One RCT (Trimble A, 2022) investigated the effect of three different physiotherapy methods to augment cough-clearance in addition to cough-clearance alone (high-frequency chest-wall oscillating vest, oscillatory positive expiratory pressure, and whole-body vibration) in 10 adults with cystic fibrosis. No differences were identified between any method of airway clearance, including cough clearance alone. Cchanges in certain small molecule concentrations in exhaled breath following airway clearance were identified. Due to the limitations of this study, the authors do not believe the negative results suggest a change in clinical practice with regard to airway clearance. Findings pertaining to small molecules in exhaled breath may serve as future opportunities for study.
A lot of trials have been performed or underway.
- One trial (NCT02750722) has been completed in adult patients with CF in order to compare 30 minutes of moderately intense cycling exercise in 4-min intervals at 75% of their maximal heart rate and interspersed with 2-min resting periods during which 6-8 breathing maneuvers incorporating Flutter® breathing maneuvers with a single bout of moderately intense cycling exercise alone on sputum viscoelasticity and the diffusion capacity of the lungs;
- one trial (NCT02277626) has been completed in 2015 in order to compare the efficacy, as assessed primarily by sputum weight, of these two different devices (the Electroflo 500 and VEST therapy) on airway clearance (AC) in CF patients with mild to moderate lung disease, who have stable lung health and perform AC at home as part of their routine therapeutic regimen;
- one randomized parallel open label study (NCT01057524) has been completed in 2016 with the aim to evaluate whether the addition of high frequency chest wall oscillation to twice daily supervised physiotherapy is as effective as the addition of self treatment in facilitating recovery from an acute infective pulmonary exacerbation, as measured by improvement in lung function (FEV1);
- Two randomized trials (Wheatley CM, 2018) involving 10 and 11 mild to moderate CF patients were recruited for study I and II, respectively to evaluate the influence of the Vibralung Acoustical Percussor on pulmonary function and sputum expectoration in individuals with CF. These studies concluded that Vibralung was well tolerated and caused no detrimental changes in pulmonary function metrics. The Vibralung appears to be a safe ACT in individuals with CF.
A Belgian randomised controlled single-blind cross-over trial (ISRCTN75391385) has been completed in 2014 in order to evaluate the effect of intrapulmonary percussive ventilation on Pseudomonas aeruginosa biofilm formation and virulence in patients with CF over 6 years of age. For each study participant, three different physiotherapy regimens have been tested during three different hospitalisation periods: autogenous drainage, IPV low frequency (200 bpm) and IPV high frequency (400 bpm). Results have not been published.
One randomized, crossover trial (NCT01753869) has been terminated in patients with CF 18 years and older to compare the effect of ACTs using Acapella after hypertonic saline solution 7% (HTS) inhalation with ACTs during HTS inhalation in adult CF patients during day 10-14 of a hospital admission for treatment of a pulmonary exacerbation. The primary objective was to compare the change in lung clearance index at 90 minutes post treatment with ACTs after HTS inhalation with ACTs during HTS inhalation. Results have not been published.A 1-month duration Irish study including 31 participants has been recently performed in order to evaluate whether a daily disposable Oscillating positive xpiratory pressure (OPEP) device ( the UL-OPEP) can mitigate the risk of contamination and eliminate the burdensome need for cleaning devices. Assessment of lung function pre- and post-intervention by spirometry, as well as Lung Clearance Index and quality of life assessed using the Cystic Fibrosis Questionnaire showed that disposable OPEP device maintained patients' lung function during short term use (≤ 1 month) while reducing the risk of airway contamination associated with ineffective cleaning (O'Sullivan KJ et al,2021).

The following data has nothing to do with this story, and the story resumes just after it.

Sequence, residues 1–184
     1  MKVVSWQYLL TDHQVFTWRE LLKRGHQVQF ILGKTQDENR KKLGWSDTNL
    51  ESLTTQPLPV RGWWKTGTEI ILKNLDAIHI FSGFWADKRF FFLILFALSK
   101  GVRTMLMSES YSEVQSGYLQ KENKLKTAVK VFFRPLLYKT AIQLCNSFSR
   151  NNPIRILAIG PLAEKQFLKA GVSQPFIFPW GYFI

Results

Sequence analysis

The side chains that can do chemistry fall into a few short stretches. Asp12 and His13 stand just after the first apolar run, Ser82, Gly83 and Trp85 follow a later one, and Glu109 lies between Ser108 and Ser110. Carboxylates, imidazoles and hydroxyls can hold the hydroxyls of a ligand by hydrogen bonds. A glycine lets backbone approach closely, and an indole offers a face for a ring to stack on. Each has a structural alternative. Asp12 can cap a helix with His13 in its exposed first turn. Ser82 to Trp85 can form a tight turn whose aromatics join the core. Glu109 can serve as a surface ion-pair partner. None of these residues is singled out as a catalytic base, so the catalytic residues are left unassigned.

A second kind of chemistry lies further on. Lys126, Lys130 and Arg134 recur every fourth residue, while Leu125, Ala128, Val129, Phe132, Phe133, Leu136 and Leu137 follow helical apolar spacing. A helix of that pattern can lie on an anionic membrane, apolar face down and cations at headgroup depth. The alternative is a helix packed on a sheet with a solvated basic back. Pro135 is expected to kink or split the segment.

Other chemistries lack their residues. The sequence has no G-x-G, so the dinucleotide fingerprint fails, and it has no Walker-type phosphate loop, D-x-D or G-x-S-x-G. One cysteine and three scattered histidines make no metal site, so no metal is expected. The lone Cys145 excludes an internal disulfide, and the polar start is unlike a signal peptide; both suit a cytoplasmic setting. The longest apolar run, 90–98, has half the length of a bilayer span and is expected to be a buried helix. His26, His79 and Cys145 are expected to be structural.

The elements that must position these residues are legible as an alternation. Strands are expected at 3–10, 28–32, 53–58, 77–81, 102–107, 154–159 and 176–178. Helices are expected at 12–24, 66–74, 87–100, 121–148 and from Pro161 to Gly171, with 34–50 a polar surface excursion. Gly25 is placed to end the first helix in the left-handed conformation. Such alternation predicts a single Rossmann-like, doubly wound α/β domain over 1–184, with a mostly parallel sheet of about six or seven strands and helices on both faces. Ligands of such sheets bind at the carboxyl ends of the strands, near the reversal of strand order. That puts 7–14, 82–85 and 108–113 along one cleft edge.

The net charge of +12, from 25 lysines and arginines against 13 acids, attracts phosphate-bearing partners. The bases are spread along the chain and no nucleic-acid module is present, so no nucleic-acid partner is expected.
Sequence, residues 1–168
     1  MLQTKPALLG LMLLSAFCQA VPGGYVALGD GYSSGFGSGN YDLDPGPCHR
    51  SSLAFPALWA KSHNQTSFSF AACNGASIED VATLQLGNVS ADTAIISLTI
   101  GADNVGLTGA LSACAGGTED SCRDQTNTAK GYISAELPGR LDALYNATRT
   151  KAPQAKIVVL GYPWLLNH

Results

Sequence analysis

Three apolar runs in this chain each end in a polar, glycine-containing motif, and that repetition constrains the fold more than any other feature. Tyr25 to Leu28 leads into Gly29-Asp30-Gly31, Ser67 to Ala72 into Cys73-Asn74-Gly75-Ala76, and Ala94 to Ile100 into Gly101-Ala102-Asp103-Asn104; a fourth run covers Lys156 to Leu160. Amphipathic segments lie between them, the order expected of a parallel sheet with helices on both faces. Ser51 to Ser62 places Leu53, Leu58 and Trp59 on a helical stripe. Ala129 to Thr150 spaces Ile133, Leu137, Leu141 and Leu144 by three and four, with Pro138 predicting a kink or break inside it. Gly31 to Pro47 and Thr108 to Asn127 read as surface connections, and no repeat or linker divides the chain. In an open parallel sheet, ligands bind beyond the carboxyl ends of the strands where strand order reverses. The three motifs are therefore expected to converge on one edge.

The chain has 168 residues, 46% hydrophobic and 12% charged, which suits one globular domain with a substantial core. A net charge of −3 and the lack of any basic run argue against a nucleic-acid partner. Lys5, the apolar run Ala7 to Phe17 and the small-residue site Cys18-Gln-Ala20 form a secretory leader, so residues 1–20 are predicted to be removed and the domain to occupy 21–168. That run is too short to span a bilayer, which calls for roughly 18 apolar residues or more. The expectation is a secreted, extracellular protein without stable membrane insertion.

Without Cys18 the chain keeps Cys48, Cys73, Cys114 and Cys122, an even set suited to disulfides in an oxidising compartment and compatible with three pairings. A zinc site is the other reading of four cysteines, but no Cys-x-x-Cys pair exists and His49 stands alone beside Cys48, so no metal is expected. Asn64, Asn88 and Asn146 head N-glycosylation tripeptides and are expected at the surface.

An Australian randomized control crossover study results still to recruit (ACTRN12609000520235) patients to evaluate the effect of the whole body vibration training (WBVT) using a vibration platform on primary (lung clearance index) and secondary (biochemical analyses as calcium, magnesium, parathyroid hormone, phosphorus, alkaline phosphatase, vitamin D levels, osteocalcin and urine deoxypyridinoline) outcomes.
The existing evidence on this therapeutic program is non-conclusive.
Oscillatory devices are a recognized efficient airway clearance therapy, but they are not superior to any other technique nor one device is superior to another. However studies on this topic are generally poorly designed based on the small sample sizes, insensitive outcome measures, different duration of intervention and the large heterogeneity of treatments before enrollment and during the studies, making impossible to pool results from different studies. Future research including longer parallel studies with control groups would add information with regard to treatment efficacy and safety of oscillating devices alone or in combination with other therapies.
As there is no appreciable difference between the devices and therapies used in airway clearance the health care program should be defined considering a cost-benefit analysis for each individual patient. Patient preference and acknowledgement are also important, as well as the impact of the device on the individuals at particular stages of their disease. This would enable the appropriate selection and inclusion of airway clearance techniques or devices into the management of the individual.